Language and culture through lingua-poetics of contrasts: the example of F. Dostoevsky "Poor Folk"
Fyodor Mikhailovich Dostoevsky is one of the world’s most versatile writers. Most of his pieces address the eternal struggle between “good” and “evil” and people’s reactions to extreme situations. Although Dostoevsky’s first book, the “Poor Folk”, has been adequately analyzed, its psychological and social contexts, structure and linguistic style remain spaces for further research. In this contribution, I attempt to examine the structure of the letters the two central characters exchange and, subsequently, the writing and linguistic style. I mainly focus on analyzing the characters, places and social relations that connect the two protagonists. Through the subject matter of the letters, I outline Russia’s political and social situation.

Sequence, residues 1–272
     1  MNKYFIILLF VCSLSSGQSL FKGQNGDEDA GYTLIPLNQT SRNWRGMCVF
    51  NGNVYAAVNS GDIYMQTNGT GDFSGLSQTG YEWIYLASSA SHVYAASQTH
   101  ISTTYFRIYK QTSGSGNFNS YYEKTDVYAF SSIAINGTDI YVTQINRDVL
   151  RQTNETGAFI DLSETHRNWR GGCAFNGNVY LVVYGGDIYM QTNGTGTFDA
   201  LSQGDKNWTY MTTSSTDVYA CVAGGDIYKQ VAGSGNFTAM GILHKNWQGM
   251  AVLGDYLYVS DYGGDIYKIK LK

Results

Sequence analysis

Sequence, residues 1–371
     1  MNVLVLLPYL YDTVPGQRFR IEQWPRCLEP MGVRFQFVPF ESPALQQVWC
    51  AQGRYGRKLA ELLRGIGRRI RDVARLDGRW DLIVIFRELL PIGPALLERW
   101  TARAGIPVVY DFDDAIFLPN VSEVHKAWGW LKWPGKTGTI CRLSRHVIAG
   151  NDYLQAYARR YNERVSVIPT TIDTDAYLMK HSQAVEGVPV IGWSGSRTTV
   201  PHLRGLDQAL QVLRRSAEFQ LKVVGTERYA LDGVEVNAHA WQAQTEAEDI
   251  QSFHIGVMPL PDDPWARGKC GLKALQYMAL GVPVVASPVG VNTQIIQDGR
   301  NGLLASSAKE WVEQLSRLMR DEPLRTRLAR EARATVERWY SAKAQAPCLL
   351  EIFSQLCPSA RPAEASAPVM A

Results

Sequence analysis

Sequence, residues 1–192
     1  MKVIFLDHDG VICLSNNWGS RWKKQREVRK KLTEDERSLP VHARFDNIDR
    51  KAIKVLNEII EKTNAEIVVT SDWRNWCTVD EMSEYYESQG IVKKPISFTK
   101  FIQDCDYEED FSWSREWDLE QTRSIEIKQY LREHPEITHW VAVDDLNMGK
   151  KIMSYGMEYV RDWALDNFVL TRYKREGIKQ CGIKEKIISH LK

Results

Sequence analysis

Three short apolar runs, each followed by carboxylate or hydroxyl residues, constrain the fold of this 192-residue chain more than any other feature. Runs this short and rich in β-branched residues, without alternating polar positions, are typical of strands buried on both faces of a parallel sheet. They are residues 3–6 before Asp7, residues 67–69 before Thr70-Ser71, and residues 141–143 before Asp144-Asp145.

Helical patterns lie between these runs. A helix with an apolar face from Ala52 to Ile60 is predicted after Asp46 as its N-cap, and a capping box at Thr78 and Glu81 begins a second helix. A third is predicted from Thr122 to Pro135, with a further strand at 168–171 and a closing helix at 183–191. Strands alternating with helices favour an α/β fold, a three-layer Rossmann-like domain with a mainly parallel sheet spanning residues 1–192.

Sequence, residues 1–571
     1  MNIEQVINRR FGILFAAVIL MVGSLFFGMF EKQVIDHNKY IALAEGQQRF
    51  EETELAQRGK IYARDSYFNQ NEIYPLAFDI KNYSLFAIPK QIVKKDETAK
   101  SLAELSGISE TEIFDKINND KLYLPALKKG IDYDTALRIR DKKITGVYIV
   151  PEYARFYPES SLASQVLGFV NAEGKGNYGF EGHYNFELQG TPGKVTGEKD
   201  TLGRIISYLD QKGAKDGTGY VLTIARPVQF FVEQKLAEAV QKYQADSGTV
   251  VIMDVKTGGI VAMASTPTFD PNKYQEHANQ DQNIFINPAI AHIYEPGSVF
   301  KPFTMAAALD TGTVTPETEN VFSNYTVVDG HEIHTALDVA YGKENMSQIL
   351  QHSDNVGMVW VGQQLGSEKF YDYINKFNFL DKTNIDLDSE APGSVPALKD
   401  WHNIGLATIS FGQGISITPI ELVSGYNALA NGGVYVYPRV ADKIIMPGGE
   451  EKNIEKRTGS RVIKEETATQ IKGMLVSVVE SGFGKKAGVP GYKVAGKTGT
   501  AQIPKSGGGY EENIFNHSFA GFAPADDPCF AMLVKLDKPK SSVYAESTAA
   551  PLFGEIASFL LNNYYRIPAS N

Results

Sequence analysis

The relationship between Varvara Dobroselova and Makar Devushkin, the book’s two heroes, diverges the literary flow of the work into two separate parts. I depict their attributes through comparative analysis and comparison. The two heroes, utterly diametrical as regards their literary portrayal, offer “Poor Folk” harmony through contradictory writing norms. The spotlight of this study is the complexity of the writing style, idioms and conflict that appear in several book translations. The paper explores how the heroes not only coexist to disrupt one another’s writing uniformity but also how this uniformity results from their interactive approach.
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